Hawaii Volcanoes National Park, established on August 1st, 1916, is an American national park located on the island of Hawaii. The park encompasses diverse environments from sea level to the summit of the Earth's most massive active volcano, Mauna Loa, at 4,169 m. Climates range from lush tropical rain forests, to the arid and barren Kau Desert.
The park encompasses two active volcanoes: Kīlauea and Mauna Loa. Kīlauea is the most famous of the Hawaiian volcanoes. It is the Kilauea volcano whose lava you can often see flowing into the ocean. It is one of the most active volcanoes in the world and is seen by millions of tourists each year. This makes it the most visited attraction in Hawaii and the most visited volcano in the world. Kilauea is often called "the world's only drive-in volcano." At one time, this prolific volcano produced 250,000-650,00 cubic yards of lava per day. Mauna Loa is the largest volcano on Earth in terms of volume and area covered.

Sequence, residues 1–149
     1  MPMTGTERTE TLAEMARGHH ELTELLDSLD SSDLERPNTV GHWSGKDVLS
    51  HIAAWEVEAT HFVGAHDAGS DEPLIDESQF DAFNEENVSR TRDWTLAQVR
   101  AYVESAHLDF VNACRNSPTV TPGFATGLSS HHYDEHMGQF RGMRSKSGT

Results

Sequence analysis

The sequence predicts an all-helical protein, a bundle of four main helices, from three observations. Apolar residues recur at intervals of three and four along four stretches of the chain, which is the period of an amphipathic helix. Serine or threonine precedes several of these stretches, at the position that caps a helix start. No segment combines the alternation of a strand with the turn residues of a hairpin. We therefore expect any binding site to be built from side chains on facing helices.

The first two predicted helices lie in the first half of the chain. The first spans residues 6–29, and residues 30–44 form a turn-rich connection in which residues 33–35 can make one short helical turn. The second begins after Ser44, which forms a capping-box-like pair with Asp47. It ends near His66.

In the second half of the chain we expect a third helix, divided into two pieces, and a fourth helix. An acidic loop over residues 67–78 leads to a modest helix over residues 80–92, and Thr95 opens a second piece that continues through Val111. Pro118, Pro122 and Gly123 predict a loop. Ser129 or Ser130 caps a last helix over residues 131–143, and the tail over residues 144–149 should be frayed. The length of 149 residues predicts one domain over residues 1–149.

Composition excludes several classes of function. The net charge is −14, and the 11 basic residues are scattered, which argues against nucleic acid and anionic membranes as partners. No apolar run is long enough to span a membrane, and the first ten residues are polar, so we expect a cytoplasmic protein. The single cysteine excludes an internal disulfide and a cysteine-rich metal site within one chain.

The volcano became a tourist attraction in the 1840s, and local businessmen ran a series of hotels at the rim. Volcano House is the only hotel or restaurant located within the borders of the national park. The extraordinary natural diversity of the park was recognized in 1980 when it was named a World Biosphere Site by UNESCO and in 1987 when the park was honored as a World Heritage Site.